Ibrahim Belo Written by Ibrahim Belo

Sugar for bulking: natural volume while performing added functions

While sugar is generally thought of as an ingredient used for sweetening, it performs several other core functions that are equally important. In this blog we focus on how pure sugars and syrups naturally bulk their applications, adding vital weight and volume to commercial food and beverage products.

What is a bulking agent?

Bulking agents, often referred to as carriers or fillers, are carbohydrates used to add volume or weight to food and beverage products without having adverse effects on the intended taste or function. They are often used in conjunction with high-intensity sweeteners (HISs) which do not bulk – HISs just provide intense sweetness – and therefore the bulking agents are required to add volume.

Some mistakenly believe that bulking agents do not change the nutritional values or calorific content of an end product. However, bulking agents are not calorie-free. They may offer reduced calories, but they are not calorie-free.

How does sugar bulk?

Sugar naturally acts in the same way as a bulking agent. Of course, its bulking capabilities vary depending on the pure sugar or syrup used, and the nature of the end product. Pure sugars differ in density, depending on the concentration of the pure sugar product and the temperature at which it is used during production.

White bread spread with marmalade.

Pure sugars and syrups bulk preserves highly effectively, resulting in a thick but spreadable texture. 

For example, sugar is a key ingredient in marmalades, jams and other preserves and makes up much of the ‘bulk’. Without sugar, preserves would be watery substances because the pectin from fruit attracts water molecules that sugar, using heat as a catalyst for the reaction, is able to bind. As a result, it acts as a humectant and creates stability in the preserve.

Bulking applications and the benefits pure sugars bring

Pure sugars and syrups used for bulking are chosen for their unique multifunctional capabilities. Let’s look at three sugar bulking examples below, starting with preserves.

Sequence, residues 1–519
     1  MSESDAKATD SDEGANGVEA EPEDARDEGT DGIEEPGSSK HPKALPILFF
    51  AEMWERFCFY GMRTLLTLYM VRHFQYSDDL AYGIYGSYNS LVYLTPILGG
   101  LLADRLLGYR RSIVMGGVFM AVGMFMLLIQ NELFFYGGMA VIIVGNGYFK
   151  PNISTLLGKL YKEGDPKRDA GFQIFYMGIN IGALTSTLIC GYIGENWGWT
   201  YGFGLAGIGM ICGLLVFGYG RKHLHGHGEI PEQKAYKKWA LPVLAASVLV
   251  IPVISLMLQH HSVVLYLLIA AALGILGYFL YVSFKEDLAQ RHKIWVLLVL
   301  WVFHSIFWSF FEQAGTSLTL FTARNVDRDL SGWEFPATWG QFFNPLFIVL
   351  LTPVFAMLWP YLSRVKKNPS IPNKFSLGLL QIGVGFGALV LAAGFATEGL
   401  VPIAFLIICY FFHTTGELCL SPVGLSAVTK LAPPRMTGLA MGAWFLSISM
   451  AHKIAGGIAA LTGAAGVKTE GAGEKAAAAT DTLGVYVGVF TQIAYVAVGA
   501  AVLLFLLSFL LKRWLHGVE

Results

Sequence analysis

White granulated sugar is typically used for jams and marmalades as it dissolves easily and has a neutral flavour, which injects sweetness without overshadowing the fruit flavour. Furthermore, it can bind the water molecules more efficiently than syrup to create a thick and sticky jam texture. However, depending on the fruit flavour or where the fruit is lower in acid, demerara sugar or cane syrup may be preferred to develop a mellower flavour.

Cake selection on white plate.

Pure sugars add weight and volume to cakes while developing a light texture and perfect crumb.

Crystalline sugars do not need to be coarse to bulk either. Take soft brown light sugar for example. It has a fine-grain texture, and it is used to add volume to hundreds of different types of cakes, making these cakes bulkier while preserving lightness in texture.

And bulking does not only apply to food products. Sugar bulks soft and alcoholic drinks alike. In these applications, sugar adds body and develops mouthfeel, meaning the drink tastes better in the consumer’s mouth. Using a soft drink example, liquid sugar is often used because it is granulated white sugar that has been produced in liquid form. In turn, this helps manufacturers streamline their production and save on heat, energy and labour costs.

Young couple with glasses of refreshing cola indoors, closeup

Pure sugars bulk beverages – both soft and alcoholic – by developing body and mouthfeel.

Function beyond flavour: sugar’s natural versatility

Bulking agents used to be inexpensive because their main purpose was to support product measuring and packaging. Today though, many want to use them with HISs to replace sugar.

But sugar’s natural bulking properties cannot be easily replicated because sugar performs additional functions while also bulking. Food technologists and product developers tasked with reducing calories and creating products with ‘sugar-free’ labels may look to replace sugar with HISs and bulking agents but, by removing sugar, may have to introduce a range of other ingredients to replace the other roles that sugar fulfils. In so doing, they may potentially compromise the quality of the product.

Where sugar can bulk, preserve, sweeten, flavour and colour – to name just a few – each of these would need replacing with alternative ingredients if using a bulking agent and HISs. A food and beverage product can therefore quickly become full of artificial additives and empty calories, all in the name of reducing sugar content. Not only does this create a less natural product, but it can also add to the cost of sourcing, transporting and manufacturing to include these other ingredients.

On the other hand, pure sugars and syrups provide a wide range of functional benefits to products in one ingredient, and therefore, food and beverage manufacturers get more – more functional performance and more quality. So, for a superior end product, there is only one choice – pure sugars!

With over 90 years of pure sugar expertise at our disposal, we are well-placed to support you in formulating and developing your application. To discuss your product requirements, contact a member of our customer services team on +44 (0)1753 575353 or enquiries@ragus.co.uk. For more sugar news and Ragus updates, follow Ragus on LinkedIn.